The road that led America to the Assassins' Gate is long and not at all direct. The story of the Iraq War is a story of ideas about the role of the United States in the world, and of the individuals who conceived and acted on them. It has roots deep in history, yet there was nothing inevitable about the war, and the mere fact of it still sometimes astounds me. During the nearly interminable buildup to war I never found the questions about it easy to answer, and the manner in which the country argued with itself seemed wholly inadequate to the scale of what we were about to get into. I first went to Iraq, and then kept going back, because I wanted to see past the abstractions to what the war meant in people's lives. Nothing, I felt in that summer of 2003, was fixed yet. The most important struggles were the ones going on inside the minds of Iraqis and Americans alike. The war's meaning would be the sum of all the ways that all of them understood one another and the event that had thrust them together. In the end it would come down to just these encounters, millions of them, like the one at the Assassins' Gate.
Table of Contents
1. An Unfinished War,
2. Fevered Minds,
4. Special Plans,
5. Psychological Demolition,
6. The Palace,
7. The Captain,
8. Occupied Iraqis,
10. Civil War?,
11. Memorial Day,
12. Simple Citizens,
Note On Sources,
Reading Group Guide,
Also by George Packer,
Praise for the Assassins' Gate,
About the Author,
Reading Group Guide
Questions for Discussion
1. What wisdom is revealed in the book's epigraph, written by a Syrian diplomat and poet?
2. The book's prologue describes the crowds that gather at the Assassins' Gate and gives the history of the gate itself (built by Saddam Hussein as an imitation of antiquity). In what way is the gate a metaphor for the current situation in Iraq, and America's role in the world?
3. George Packer offers a history not only of the creation of Iraq but also of American foreign policy in the twentieth century, including portraits of the original neoconservatives. Which aspects of this history were most surprising to you? What should world leaders have learned from this history?
4. Discuss the men who advocated invading Iraq early on, such as Robert Kagan and Paul Wolfowitz. Is there a common denominator (idealism about democracy, flexing a military muscle) in their rationales? According to Packer's account, why was George W. Bush so determined to topple Saddam's regime?
5. Chapter three begins with Kanan Makiya's decision not to participate in the State Department's Future of Iraq Project. Were his views about the war misguided? What does his story say about the opinions of exiles?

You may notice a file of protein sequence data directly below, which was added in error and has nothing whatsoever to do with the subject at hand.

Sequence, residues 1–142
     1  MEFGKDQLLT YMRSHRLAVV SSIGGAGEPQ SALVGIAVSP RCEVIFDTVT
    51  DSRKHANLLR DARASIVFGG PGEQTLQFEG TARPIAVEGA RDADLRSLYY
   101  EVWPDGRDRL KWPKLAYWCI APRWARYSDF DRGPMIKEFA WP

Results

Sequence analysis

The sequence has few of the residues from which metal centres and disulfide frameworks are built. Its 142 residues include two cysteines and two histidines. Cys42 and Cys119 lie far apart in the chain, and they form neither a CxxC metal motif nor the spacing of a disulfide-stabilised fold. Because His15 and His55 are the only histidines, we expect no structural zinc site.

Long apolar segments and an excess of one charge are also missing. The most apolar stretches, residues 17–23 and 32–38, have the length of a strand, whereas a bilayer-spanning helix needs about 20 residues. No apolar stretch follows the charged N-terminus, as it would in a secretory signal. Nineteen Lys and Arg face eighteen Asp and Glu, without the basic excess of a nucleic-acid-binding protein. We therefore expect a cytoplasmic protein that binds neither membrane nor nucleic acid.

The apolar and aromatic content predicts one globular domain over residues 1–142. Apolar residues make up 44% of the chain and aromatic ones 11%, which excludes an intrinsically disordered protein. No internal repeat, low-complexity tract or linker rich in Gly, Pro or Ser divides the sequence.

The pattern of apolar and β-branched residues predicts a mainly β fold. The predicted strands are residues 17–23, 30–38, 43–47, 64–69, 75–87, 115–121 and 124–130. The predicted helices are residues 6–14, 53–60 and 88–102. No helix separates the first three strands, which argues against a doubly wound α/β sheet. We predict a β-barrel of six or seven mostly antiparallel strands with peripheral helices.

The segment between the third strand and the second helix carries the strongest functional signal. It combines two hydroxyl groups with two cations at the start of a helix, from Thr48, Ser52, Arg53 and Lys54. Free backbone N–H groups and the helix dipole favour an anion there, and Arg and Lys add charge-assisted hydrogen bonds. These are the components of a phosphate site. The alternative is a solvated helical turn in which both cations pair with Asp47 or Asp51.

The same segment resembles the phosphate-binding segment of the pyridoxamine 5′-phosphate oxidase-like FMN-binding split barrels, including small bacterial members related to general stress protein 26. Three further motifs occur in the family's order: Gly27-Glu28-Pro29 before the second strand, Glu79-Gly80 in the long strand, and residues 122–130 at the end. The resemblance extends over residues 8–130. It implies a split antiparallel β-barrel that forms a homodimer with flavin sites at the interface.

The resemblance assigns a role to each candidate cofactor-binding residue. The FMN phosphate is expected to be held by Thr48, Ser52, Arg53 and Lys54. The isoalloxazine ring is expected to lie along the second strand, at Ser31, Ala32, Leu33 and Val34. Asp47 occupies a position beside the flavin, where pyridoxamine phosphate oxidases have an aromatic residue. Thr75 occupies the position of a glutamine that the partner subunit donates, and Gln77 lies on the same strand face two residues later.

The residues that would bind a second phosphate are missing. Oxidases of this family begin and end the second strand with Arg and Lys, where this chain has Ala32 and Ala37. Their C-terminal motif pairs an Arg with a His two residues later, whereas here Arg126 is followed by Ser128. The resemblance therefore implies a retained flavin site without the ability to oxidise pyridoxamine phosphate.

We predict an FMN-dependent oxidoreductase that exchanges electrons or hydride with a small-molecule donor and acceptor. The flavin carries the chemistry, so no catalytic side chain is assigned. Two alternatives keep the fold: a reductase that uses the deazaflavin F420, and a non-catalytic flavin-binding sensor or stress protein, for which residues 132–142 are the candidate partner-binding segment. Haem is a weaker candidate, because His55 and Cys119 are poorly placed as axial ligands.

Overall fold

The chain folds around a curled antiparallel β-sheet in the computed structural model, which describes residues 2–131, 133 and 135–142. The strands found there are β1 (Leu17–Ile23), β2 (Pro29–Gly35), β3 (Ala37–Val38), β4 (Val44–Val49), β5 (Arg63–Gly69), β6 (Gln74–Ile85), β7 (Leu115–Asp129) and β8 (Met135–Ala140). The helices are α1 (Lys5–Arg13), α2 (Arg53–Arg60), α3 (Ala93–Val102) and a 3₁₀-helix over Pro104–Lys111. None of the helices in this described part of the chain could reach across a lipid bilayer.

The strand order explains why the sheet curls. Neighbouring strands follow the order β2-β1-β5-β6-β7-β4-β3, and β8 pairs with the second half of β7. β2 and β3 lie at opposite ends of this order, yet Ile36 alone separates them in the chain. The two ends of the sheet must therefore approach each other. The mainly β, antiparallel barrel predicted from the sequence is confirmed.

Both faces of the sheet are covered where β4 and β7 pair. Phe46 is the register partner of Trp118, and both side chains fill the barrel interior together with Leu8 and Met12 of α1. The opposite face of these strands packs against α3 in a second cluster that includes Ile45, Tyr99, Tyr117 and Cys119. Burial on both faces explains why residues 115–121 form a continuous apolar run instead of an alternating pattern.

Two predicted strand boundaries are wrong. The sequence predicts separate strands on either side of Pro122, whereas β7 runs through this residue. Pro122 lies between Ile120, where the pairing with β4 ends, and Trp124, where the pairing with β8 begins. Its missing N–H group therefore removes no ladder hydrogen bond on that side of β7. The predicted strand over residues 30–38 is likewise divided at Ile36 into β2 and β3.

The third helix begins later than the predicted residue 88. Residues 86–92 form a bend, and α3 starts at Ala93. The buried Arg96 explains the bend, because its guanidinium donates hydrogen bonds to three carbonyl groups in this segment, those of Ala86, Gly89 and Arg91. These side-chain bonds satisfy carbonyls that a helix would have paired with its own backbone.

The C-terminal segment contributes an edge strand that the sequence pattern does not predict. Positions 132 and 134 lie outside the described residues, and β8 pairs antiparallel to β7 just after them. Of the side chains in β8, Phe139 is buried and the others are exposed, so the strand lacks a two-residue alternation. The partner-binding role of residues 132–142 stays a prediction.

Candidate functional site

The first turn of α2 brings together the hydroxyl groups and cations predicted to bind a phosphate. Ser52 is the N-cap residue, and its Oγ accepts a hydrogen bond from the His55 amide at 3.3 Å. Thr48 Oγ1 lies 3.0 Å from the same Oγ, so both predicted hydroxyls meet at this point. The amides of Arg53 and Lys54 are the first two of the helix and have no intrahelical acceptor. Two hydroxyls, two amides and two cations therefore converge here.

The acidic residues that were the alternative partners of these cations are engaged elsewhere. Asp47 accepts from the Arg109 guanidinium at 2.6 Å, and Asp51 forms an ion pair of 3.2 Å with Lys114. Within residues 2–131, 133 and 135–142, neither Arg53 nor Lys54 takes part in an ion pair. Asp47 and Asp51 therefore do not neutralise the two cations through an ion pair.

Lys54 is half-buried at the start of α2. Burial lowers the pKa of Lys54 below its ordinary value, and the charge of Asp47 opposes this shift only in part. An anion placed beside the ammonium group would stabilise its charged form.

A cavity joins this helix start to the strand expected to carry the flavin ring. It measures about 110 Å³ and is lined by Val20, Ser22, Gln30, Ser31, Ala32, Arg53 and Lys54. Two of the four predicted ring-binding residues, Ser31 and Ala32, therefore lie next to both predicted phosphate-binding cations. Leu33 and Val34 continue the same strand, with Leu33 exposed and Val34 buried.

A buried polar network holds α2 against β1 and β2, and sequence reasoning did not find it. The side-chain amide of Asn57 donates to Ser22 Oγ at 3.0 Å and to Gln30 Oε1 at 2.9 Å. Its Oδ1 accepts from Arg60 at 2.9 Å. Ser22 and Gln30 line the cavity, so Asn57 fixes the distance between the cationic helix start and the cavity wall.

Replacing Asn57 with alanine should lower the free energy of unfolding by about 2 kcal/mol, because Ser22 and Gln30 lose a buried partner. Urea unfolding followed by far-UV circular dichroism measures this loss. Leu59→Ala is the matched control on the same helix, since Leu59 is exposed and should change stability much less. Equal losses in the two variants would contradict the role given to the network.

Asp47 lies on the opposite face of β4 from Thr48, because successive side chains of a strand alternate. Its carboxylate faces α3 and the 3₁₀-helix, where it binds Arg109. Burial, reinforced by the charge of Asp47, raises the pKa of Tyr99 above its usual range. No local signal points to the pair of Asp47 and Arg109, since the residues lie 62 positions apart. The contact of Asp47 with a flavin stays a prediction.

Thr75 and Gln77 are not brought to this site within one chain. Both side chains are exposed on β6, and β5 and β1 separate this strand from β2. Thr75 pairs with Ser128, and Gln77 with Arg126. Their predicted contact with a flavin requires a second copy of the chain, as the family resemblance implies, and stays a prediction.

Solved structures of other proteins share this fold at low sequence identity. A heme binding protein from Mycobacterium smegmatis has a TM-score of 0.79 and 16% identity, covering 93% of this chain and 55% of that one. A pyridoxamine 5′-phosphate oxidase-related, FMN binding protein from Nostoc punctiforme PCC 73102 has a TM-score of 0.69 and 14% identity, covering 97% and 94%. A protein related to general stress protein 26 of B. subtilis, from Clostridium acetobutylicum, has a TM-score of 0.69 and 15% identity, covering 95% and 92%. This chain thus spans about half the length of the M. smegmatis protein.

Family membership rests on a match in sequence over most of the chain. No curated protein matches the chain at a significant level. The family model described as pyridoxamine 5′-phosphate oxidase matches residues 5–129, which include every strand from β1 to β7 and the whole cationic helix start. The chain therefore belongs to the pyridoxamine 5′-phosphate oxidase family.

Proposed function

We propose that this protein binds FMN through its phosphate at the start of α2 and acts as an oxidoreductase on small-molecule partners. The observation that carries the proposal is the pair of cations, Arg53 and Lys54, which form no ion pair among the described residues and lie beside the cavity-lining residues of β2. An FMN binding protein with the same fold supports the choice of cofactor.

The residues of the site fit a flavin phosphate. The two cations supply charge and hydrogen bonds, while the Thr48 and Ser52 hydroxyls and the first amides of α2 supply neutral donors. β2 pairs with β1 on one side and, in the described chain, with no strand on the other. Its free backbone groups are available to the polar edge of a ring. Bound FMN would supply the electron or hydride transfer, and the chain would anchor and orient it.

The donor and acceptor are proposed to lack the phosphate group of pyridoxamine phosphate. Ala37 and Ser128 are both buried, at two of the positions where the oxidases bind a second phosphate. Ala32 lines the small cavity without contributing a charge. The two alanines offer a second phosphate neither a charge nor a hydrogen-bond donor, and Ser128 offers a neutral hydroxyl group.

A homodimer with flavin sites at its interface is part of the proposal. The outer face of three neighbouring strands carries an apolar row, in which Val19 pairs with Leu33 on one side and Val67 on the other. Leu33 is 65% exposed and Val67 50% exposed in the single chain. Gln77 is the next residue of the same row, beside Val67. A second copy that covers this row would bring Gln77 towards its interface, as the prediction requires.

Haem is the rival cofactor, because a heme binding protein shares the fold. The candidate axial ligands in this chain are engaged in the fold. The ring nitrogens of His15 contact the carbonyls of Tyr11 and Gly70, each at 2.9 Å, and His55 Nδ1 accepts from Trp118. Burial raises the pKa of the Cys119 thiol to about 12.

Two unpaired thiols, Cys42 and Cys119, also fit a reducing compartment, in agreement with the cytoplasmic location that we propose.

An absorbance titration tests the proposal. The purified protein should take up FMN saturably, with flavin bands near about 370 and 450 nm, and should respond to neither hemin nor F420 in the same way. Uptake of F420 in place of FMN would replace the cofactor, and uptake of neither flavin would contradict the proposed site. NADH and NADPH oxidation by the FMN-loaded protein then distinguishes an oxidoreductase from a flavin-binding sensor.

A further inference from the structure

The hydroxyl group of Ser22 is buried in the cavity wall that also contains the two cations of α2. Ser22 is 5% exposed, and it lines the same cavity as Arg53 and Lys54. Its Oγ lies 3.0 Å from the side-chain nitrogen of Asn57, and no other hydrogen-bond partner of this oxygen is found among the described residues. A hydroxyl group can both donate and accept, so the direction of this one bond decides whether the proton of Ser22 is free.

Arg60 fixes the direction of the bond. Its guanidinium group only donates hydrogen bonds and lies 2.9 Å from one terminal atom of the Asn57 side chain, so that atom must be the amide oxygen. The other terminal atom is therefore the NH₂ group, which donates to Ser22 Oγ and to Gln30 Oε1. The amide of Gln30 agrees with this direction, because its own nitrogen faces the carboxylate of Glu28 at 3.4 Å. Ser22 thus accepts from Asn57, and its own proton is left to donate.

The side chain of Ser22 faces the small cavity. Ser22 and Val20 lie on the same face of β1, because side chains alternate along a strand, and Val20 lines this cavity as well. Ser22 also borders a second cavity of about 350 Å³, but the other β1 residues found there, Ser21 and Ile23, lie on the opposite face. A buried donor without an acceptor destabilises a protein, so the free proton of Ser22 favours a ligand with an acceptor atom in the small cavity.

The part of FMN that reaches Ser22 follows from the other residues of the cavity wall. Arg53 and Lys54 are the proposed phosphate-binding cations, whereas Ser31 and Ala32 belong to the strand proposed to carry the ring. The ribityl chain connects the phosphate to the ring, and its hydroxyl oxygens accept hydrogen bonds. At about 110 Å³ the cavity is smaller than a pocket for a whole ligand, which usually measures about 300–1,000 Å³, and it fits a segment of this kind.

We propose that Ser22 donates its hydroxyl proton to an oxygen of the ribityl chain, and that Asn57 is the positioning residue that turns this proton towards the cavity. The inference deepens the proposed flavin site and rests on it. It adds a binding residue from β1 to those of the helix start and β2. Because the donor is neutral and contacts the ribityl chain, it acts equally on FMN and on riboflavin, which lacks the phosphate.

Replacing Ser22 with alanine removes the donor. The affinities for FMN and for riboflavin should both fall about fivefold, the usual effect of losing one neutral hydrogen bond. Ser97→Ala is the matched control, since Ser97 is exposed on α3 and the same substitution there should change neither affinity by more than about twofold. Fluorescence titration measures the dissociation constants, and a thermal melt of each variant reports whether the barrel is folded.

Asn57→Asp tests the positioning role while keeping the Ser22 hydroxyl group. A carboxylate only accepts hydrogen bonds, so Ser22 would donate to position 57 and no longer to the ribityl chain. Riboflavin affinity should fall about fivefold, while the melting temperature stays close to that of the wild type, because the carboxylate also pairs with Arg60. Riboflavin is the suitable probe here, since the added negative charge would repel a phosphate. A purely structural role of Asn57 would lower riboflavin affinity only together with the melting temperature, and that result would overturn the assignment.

6. What did you discover about the Coalition Provisional Authority by reading about administrators such as Andrew P. N. Erdmann, whose story opens chapter four? What drives Drew, Meghan O'Sullivan, and the numerous other men and women like them who hoped to build representative government in Iraq?
7. Chapter six describes the transition of authority from Jay Garner to Paul Bremer, who soon issued the uncompromising Debaathification Order. Do you believe that the flourishing insurgency is the result of Paul Bremer's inexperience, or would the situation have decayed just as much under Jay Garner?
8. How does the rebuilding of Iraq compare to the rebuilding of Japan, Germany, Bosnia, and other postwar scenarios in history? To what degree should the current turmoil in Iraq be attributed to the era of T. E. Lawrence ("Lawrence of Arabia") and British colonialism? What did you make of the Iraqis who told George Packer they thought the British were better than Americans at being occupiers?
9. Packer observes the problem of unproven accusations, paired with a thirst for vengeance, permeating many of Iraq's factions. What does it take to overcome such deep-seated cultural attitudes?
10. Are looting, sabotage, and the general chaos of Iraq purely a result of too few American troops being sent to move the country from Phase III to Phase IV (combat to stability operations)?
11. Chapter eight introduces Aseel, a progressive Iraqi woman who asks, "Do you think my dreams will come true?" How would you respond to her question?
12. The Assassins' Gate provides considerable insight into Iraqi attitudes toward sexuality. What accounts for the obsession with the virginity tests for women? In what way do these attitudes exemplify other aspects of Iraqi culture? Will these attitudes ultimately undermine any hope for peace or human rights in the region?
13. Discuss the experience of journalists as described in The Assassins' Gate. What did you discover about the process by which Packer gathered his facts, and the variety of backgrounds among his translators? How has the prevalence of journalists from around the globe, combined with technologies that allow soldiers and civilians to e-mail personal observations to their friends back home, changed the face of war? How has coverage of this war, in which journalists have become targets, compared to the Gulf War, and to Vietnam?
14. In what way does the story of Private Kurt Frosheiser speak to the schism between those who support and those who decry the war? What did you make of the vast differences between the way Kurt's mother and father reacted to his death?
15. In the long run, what will the social repercussions of the invasion be, for both Americans and Iraqis? What might the various figures mentioned in the book say if Packer were to interview them again in twenty years?
16. Do you think American troops will ever leave Iraq altogether? If so, when and how?